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Brancusi: The Photographs    Apr 26 - Jun 23, 2012

Prometheus
Constantin Brancusi
Prometheus, circa 1926-1927
 
  
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Bruce Silverstein Gallery is pleased to present Brancusi: The Photographs, an exhibition of the artist’s groundbreaking photographic works. Featuring over 40 original prints, each made by Brancusi himself, this exhibition reveals Brancusi’s visionary dedication to the photographic medium as means of personal expression—an art form that the artist explored parallel to his sculpture. The photographs are integral to understanding Brancusi as an artist as they indicate that he was not only fully aware of photography’s power to guide, control, and enhance the viewer’s experience of his three-dimensional works, but also to completely transform them into new works of art. By physically placing and positioning his sculptures in his studio, Brancusi creates complex compositions that often incorporate radical lighting; his photographs express a unique pictorial vision that moves decisively beyond mere documentation and firmly establishes Brancusi as one of the most remarkably innovative image-makers in the history of the medium.

Brought together for the first time, the works included in Brancusi: The Photographs were printed by the artist and either come directly from or have passed through the hands of family, friends and known collectors of his work who received them during the artist’s lifetime. Produced from both photographic negatives as well as 16 mm film stills, these vintage prints include images of his individual sculptures, or at times larger studio views of groupings of his works (termed “groupe mobiles” by the artist) as well as numerous self-portraits, arresting still-lives of natural “ready-mades” such as flowers and a tree trunk, and countless other visual experiments taken within and outside of his studio. Unifying this wide array of subject matter is the artist’s discernable vision for his sculptural work which he expressed utilizing a photographic syntax—the language of light, shadow, reflection, and contrast—to give voice to each sculpture’s unique personality and convey its literal and allegorical relationship to his other works in his studio. By designing views of his studio through his camera, Brancusi purposefully translates his sculptures’ three-dimensional existence—their surface, weight, materiality, and line—into remarkable two-dimensional compositions.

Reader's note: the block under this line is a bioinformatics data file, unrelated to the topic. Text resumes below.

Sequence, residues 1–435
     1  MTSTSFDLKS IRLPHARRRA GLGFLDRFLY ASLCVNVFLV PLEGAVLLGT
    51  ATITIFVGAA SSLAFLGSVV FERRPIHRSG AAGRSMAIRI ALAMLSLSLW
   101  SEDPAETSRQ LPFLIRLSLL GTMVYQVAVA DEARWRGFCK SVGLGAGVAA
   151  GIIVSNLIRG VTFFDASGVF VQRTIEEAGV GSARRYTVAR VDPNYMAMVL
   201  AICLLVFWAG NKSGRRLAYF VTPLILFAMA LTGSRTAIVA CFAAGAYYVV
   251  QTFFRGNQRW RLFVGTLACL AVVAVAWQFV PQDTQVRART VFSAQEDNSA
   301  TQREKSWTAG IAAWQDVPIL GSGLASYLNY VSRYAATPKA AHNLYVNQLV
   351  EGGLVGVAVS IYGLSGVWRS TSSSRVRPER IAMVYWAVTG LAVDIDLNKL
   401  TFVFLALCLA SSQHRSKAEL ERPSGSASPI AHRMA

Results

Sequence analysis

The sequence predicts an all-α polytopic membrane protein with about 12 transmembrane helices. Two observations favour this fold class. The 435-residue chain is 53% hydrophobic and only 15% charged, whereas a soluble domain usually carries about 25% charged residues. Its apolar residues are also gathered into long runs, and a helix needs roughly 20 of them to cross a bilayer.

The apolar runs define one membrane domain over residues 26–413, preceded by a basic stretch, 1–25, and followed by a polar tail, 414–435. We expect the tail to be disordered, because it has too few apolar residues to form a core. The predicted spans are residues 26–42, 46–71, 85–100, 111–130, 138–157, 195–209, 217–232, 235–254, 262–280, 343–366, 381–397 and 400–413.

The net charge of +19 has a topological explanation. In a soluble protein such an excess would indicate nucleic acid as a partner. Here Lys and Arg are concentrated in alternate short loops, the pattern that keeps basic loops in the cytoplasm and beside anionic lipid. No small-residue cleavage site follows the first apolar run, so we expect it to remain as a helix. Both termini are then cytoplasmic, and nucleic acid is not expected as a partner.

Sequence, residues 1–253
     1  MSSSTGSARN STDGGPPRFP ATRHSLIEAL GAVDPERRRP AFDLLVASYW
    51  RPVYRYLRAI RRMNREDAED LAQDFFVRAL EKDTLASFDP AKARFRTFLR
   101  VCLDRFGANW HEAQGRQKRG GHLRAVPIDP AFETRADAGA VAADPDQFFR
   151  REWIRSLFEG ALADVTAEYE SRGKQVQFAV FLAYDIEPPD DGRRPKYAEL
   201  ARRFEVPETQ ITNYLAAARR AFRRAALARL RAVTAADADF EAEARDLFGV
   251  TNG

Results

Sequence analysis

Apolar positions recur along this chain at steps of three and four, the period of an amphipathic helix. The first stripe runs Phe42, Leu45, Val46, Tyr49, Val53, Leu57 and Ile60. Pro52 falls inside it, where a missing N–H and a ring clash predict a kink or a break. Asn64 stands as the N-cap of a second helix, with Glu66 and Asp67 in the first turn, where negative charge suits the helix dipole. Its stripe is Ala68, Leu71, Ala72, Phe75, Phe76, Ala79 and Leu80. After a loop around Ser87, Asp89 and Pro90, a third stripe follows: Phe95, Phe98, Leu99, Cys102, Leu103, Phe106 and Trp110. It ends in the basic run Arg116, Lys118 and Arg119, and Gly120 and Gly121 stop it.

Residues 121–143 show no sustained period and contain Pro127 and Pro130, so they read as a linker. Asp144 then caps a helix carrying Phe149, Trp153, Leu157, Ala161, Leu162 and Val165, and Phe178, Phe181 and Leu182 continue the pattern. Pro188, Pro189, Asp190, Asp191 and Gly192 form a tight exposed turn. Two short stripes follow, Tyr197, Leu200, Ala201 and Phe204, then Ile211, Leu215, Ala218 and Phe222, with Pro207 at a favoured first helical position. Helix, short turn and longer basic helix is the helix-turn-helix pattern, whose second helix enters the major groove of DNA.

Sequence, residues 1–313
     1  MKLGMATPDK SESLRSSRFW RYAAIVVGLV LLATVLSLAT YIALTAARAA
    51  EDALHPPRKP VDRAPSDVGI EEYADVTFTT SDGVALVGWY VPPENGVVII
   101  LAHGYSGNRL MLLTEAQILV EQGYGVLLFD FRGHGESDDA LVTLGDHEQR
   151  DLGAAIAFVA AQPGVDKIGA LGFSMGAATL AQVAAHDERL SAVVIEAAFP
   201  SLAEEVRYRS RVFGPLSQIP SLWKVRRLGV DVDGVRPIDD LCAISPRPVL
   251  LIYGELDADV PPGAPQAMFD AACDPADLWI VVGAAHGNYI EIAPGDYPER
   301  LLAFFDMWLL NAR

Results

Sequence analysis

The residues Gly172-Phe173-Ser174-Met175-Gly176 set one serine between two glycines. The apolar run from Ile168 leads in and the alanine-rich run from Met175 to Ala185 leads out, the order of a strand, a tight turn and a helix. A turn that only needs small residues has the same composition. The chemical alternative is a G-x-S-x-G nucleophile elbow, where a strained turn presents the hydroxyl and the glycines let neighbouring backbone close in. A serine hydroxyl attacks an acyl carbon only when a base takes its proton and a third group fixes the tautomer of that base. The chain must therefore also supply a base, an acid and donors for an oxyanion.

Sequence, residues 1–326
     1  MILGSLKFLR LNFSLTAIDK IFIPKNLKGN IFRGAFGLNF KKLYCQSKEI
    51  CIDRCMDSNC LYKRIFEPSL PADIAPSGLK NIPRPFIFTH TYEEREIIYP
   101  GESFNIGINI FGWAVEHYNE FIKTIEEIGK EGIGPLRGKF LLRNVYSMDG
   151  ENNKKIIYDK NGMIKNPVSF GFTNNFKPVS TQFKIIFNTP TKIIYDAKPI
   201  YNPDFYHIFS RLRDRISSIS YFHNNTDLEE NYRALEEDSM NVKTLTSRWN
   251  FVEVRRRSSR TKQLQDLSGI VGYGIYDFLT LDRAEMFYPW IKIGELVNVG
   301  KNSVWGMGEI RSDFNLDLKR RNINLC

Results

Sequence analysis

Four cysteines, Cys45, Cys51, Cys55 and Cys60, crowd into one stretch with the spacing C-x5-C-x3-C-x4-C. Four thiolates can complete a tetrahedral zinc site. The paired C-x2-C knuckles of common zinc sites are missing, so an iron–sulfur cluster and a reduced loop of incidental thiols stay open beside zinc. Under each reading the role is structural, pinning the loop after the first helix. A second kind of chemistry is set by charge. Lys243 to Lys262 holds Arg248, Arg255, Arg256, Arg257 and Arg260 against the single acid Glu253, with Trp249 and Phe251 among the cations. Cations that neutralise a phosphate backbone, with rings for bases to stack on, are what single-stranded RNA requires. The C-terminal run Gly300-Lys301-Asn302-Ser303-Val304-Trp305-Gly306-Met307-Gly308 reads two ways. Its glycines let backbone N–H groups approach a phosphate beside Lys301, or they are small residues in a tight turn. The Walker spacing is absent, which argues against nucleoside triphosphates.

This exhibition furthers the critical dialogue surrounding this seminal body of work, a subject initially explored by this gallery in 2002 through the exhibition Eye of the Sculptor: Constantin Brancusi, Henry Moore, and David Smith. Becoming a topic of growing interest, Brancusi’s photographs have been the focus of several recent exhibitions, including The Original Copy, Photography of Sculpture, 1839 to Today, held at the Museum of Modern Art, New York, organized by Roxana Marcoci; Constantin Brancusi & Richard Serra: Resting in Time and Space, shown at the Foundation Beyeler, Switzerland produced by Oliver Wick; and Brancusi, Film and Photography, the monumental exhibition of Brancusi’s photographs exhibited at the Centre Pompidou, curated by Quentin Bajac.

A catalog has been published to accompany this exhibition

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